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The efficacy and safety of Danggui-Sayuk-Ga-Osuyu-Saenggang-tang on Korean patients with cold hypersensitivity in the hands: study protocol for a pilot, double-blind, randomized, placebo-controlled, parallel-group clinical trial

  • Youme Ko1,
  • Ho-Yeon Go2,
  • Yoon-Young Cho3,
  • Ji-Hye Shin3,
  • Tae-Hoon Kim4,
  • Dong-Jun Choi5,
  • Jin-Moo Lee6,
  • Jun-Bok Jang6,
  • Yun-Kyung Song7,
  • Seong-Gyu Ko1,
  • Seung-Ho Sun3Email author and
  • Chan-Yong Jeon8Email author
Contributed equally
Trials201718:268

https://doi.org/10.1186/s13063-017-2002-8

Received: 8 June 2016

Accepted: 19 May 2017

Published: 8 June 2017

Abstract

Background

In recent years, cold hypersensitivity in the hands (CHH) has become a common ailment of women in Korea. It can lead to gynecological problems such as irregular menstruation, miscarriage, and infertility. Traditionally, Korean herbal medicine has been the primary treatment method used to balance thermoregulation in the human body; however, its effectiveness has not been confirmed through systematic study. Thus, in this trial, we will investigate the feasibility of a full randomized clinical trial, Danggui-Sayuk-Ga-Osuyu-Saenggang-tang (DSGOST) in Korean women with CHH.

Methods

This study will be a pilot, multicenter, double-blind, randomized, parallel-group, two-arm, placebo-controlled clinical trial. A total of 66 participants will be randomly divided into two groups, a DSGOST treatment group and a placebo control group, in a 1:1 ratio using a web-based randomization system. Each group will take DSGOST or placebo three times daily for 6 weeks. The primary outcome will be measured using Visual Analogue Scale (VAS) scores of CHH. Secondary outcomes will include changes in skin temperature of the hands, Clinical Global Impressions (CGI) scale scores, recovery rate of skin temperature of the hands after the cold stress test, and the Korean version of the WHO Quality of Life Scale, abbreviated version (WHOQOL-BREF).

Discussion

This trial will be the first trial to reflect the newly defined disease range of CHH which was compiled by Korean medicine expert consensus. This study will provide considerable evidence for further large-scale trials and general clinical guidelines for CHH in the Korean medical field.

Trial registration

This study is registered at ClinicalTrials.gov, ID: NCT02645916. Registered on 30 December 2015.

Keywords

Herbal medicineCold temperatureCold hypersensitivityRandomized clinical trial

Background

Cold hypersensitivity in the hands (CHH) is a condition where the individual feels colder in the upper extremities than colder other people in any environment [1, 2]. CHH is not a fatal disease, but can worsen quality of life by interfering with daily activities. According to a Korean genetic etiology and phenotype of CHH study, there are more female CHH sufferers than males with an approximate prevalence ratio of 3:2 [3]. Through reviewing previous CHH-related studies, we found out that studies based on the Asian population were more frequently performed than in the western population. Among the studies, Li et al. reported that the prevalence rates of women with CHH by country are 54.3% in Japan, 25% in Korea, and 20% in China [4].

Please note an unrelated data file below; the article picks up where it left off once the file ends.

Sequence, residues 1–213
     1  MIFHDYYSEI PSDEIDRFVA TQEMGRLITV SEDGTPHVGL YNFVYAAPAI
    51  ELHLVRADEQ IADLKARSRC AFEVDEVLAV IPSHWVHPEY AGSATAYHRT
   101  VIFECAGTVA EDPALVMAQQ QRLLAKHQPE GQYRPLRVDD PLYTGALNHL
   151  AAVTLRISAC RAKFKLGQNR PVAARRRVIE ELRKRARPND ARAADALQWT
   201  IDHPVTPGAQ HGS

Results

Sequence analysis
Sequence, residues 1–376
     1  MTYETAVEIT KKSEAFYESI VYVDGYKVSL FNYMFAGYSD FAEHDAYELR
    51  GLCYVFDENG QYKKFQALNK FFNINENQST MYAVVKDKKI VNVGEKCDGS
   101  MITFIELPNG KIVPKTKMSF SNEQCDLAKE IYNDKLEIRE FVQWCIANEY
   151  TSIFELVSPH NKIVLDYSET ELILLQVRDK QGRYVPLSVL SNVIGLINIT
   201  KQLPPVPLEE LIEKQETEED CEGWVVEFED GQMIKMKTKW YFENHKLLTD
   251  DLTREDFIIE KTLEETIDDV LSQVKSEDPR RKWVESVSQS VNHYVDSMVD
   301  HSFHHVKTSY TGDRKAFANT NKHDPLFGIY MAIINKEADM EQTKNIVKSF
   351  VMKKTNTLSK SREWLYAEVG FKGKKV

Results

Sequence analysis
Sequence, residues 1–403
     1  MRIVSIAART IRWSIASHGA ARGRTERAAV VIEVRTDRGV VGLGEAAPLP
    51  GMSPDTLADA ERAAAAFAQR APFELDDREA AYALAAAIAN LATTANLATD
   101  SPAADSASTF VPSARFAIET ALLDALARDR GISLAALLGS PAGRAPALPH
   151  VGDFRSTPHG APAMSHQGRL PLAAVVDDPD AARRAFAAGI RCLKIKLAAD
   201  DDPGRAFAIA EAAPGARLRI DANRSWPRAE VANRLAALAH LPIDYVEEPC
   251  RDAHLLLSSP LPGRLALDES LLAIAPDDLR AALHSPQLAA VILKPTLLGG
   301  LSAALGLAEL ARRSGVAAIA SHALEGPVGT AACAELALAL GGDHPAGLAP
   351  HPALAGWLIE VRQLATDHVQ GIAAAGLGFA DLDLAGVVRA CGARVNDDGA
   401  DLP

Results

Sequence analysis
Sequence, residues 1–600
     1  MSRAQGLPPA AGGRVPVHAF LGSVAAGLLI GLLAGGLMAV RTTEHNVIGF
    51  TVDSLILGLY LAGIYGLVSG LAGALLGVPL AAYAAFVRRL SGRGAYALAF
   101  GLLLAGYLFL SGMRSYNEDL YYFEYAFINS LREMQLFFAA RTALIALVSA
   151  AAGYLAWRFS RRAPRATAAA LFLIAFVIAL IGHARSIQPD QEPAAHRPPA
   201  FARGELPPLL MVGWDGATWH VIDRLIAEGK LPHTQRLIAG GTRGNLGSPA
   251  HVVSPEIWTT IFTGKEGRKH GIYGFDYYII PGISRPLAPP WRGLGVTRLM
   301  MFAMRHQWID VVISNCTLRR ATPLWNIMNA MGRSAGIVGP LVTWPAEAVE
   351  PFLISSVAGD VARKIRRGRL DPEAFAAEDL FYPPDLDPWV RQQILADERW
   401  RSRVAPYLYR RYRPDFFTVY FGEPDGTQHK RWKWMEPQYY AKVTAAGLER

In conventional medicine, CHH is the representative clinical symptom of Raynaud’s phenomenon (RP) which is classified in the International Classification of Diseases, 9th edition (ICD-9) as a peripheral vascular disease. It is thought that an increase in α2 sympathetic receptor activity causes the vasoconstriction of blood vessels and central thermoregulatory dysfunction in CHH, but its pathophysiological mechanism is not completely clear [5]. Due to the uncertain pathology and nonstandardized diagnostic and treatment methods of CHH, most conventional physicians prefer to identify CHH by the occurrence of symptoms during the cold stimulation test which is one of the primary diagnostic tests for RP [6]. The general treatment of RP is similar to the allopathic treatments of RP, including vitamin E, calcium-channel blockers, and lifestyle modification, but the efficacy of such treatments is controversial [7].

In Korea, treating CHH with traditional Korean herbal medicine is often preferred to conventional medicine. Because Korean medicine takes a holistic approach to the ailment, it is considered to be a cold-related symptom and is also classified as cold syndrome pattern. Balancing yin and yang energy in the body with holistic and personalized therapy is one of the advantages of Korean medicine which is more acceptable in Korean society other than symptom-based treatments.

Based on traditional medicine theory, women’s disease is generally caused by cold pathogenic factors [8] which can easily lead to cold-related syndromes such as CHH. Many people consider CHH to be a mild symptom, but it should be treated with careful attention before it worsens and leads to more severe problems.